Prevention & Recovery
Prevention & Recovery
Pregnancy can be one of the healthiest times in a woman's life. But getting your body in top shape before you conceive is critical because it gives your baby a healthy start in life.
Leslie Beck, author of Leslie Beck's Nutrition Guide to a Healthy Pregnancy joined Balance Television host Dr. Marla Shapiro with her pre-pregnancy checklist.
"Whether it's three months, six months or a year (before pregnancy), it's a great opportunity for women to fine tune their diets, to start getting the nutrients...that they're going to need when they become pregnant," Beck said. "It's an opportunity for women to lose a little weight...gain a little weight, so that by the time they do conceive, just a little bit of fine tuning is needed and they feel better about that."
There are many things that women can do to alter their lifestyle habits to prepare for a healthy pregnancy, Beck said. Here are a few of her key points.
Get a physical check-up
Shapiro says women should have a pap test; routine cultures to make certain there are no underlying issues about sexually transmitted diseases; as well as having their weight checked and discussing their nutrition habits.
Go over your immunization with your doctor as well, to see if there are shots you require.
Other issues to be considered are that the individual is not taking any herbals or supplements that may have a negative interaction and to have a blood checkup to make sure she isn't anaemic or iron-deficient.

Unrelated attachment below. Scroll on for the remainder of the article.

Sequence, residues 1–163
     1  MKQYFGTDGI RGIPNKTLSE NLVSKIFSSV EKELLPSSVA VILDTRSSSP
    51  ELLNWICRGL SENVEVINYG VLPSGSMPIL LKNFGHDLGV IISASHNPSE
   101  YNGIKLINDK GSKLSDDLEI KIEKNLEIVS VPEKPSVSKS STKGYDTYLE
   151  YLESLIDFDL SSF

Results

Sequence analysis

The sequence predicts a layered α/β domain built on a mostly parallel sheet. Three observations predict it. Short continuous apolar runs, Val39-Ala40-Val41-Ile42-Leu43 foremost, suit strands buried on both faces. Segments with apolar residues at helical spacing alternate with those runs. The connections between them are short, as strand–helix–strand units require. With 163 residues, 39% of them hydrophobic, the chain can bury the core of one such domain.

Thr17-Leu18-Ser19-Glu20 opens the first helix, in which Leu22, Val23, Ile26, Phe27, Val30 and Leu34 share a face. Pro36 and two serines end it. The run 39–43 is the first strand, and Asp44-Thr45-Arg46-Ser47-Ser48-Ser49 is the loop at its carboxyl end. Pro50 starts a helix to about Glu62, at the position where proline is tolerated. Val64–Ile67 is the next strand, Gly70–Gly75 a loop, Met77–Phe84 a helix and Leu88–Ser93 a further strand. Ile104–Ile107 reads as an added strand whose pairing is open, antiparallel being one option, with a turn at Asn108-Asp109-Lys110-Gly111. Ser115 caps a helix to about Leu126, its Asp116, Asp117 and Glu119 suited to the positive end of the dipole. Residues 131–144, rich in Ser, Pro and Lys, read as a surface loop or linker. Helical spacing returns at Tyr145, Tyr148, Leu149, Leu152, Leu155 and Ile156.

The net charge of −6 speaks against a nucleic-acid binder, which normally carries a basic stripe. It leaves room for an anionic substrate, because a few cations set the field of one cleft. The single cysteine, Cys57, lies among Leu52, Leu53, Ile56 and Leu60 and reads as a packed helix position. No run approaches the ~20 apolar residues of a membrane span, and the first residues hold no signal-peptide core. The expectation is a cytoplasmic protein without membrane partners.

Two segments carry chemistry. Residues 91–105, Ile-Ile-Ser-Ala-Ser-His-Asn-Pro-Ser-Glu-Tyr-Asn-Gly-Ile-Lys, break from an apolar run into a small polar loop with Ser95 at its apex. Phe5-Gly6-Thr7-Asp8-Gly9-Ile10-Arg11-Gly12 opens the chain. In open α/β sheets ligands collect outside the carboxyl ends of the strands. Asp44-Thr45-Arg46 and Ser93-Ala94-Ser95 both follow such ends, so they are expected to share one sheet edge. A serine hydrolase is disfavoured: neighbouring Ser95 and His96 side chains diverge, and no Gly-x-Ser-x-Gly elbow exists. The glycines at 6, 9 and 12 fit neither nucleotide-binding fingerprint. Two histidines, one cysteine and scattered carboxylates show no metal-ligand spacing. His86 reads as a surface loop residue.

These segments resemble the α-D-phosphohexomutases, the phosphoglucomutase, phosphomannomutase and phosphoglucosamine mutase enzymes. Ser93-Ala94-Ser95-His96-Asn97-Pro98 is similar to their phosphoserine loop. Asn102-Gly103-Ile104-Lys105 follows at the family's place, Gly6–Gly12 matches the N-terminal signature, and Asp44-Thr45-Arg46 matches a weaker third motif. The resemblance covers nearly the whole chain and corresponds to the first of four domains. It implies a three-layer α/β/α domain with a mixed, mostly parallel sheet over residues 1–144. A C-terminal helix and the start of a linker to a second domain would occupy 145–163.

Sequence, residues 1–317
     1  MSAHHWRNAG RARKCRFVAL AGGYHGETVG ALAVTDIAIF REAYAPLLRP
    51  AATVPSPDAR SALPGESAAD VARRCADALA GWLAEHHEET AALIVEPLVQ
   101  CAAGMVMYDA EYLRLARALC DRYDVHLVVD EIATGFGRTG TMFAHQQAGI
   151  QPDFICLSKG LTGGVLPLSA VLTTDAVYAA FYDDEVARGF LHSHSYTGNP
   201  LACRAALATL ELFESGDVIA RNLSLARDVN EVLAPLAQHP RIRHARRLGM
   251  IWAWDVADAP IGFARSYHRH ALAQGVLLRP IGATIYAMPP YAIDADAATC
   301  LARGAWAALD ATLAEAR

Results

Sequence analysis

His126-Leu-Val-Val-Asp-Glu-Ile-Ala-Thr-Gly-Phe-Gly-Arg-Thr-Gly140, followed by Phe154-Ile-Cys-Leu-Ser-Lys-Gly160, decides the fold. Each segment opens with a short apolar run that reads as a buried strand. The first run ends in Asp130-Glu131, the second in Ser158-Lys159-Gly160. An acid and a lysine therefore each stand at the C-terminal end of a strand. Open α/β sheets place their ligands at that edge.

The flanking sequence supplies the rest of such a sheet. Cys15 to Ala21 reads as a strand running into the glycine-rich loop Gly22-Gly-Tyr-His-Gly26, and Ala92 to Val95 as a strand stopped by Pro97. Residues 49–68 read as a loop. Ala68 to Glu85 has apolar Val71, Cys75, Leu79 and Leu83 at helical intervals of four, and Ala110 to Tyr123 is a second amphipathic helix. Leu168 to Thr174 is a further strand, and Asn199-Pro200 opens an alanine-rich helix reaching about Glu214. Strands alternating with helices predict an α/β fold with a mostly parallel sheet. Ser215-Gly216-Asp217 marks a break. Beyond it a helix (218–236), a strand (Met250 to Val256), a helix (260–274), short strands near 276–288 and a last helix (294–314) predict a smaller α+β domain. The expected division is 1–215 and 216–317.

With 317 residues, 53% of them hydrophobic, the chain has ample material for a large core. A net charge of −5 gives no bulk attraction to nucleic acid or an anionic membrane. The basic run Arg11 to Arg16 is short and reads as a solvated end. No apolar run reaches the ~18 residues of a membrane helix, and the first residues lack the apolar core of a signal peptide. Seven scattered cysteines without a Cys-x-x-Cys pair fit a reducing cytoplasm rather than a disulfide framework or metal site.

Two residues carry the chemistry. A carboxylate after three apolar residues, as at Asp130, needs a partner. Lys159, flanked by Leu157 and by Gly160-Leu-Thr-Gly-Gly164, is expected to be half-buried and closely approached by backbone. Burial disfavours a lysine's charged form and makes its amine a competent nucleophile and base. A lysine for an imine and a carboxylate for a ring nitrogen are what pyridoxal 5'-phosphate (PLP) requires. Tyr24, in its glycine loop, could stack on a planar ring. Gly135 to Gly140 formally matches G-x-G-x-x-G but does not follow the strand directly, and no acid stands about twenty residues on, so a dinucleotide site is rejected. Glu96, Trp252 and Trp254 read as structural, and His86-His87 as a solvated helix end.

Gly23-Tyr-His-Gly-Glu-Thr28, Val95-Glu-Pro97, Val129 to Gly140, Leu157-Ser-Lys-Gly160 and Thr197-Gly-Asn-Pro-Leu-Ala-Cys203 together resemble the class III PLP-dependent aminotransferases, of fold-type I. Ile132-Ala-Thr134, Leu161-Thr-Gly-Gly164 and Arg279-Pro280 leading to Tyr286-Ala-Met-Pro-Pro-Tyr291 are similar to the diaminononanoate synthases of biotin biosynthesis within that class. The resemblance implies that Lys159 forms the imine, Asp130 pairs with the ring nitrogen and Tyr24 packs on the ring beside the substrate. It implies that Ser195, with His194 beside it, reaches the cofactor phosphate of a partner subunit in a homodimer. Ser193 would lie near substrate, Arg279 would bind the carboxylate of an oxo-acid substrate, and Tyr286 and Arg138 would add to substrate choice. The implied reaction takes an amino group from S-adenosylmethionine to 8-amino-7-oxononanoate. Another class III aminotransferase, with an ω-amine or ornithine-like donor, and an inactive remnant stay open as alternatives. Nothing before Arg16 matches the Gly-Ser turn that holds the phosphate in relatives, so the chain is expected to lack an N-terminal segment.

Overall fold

Shapiro also said that many women don't know about their cycles. By discussing it with a doctor, she can learn about her fertility window and when it is best to attempt conception.
See your dentist
Beck said that she tells women who haven't had a cleaning or checkup in the last six months to visit their dentist.
"We're learning that gum disease can really affect the health of a baby," she said. "Researchers have found that women who have periodontitis are seven-and-a-half times more likely to have an early, low birthweight baby.
When you floss, brush or chew, these microbes in the gums can actually enter the bloodstream and make their way to a growing baby though the placenta where they can do harm.
Smoking increases the risk of infertility, it can harm the baby, it can increase the risk of a miscarriage, cause small birth weights -- the list goes on and on.
Plan for prenatal care
Beck encourages women to start planning prenatal care early.
"Most women decide to have their doctor or obstetrician follow them through their pregnancy," she said. "But a lot of women today are moving toward midwives, so they need to explore that, research, get some referrals and talk to their doctor about that, because they may be at risk and perhaps that's not a good idea."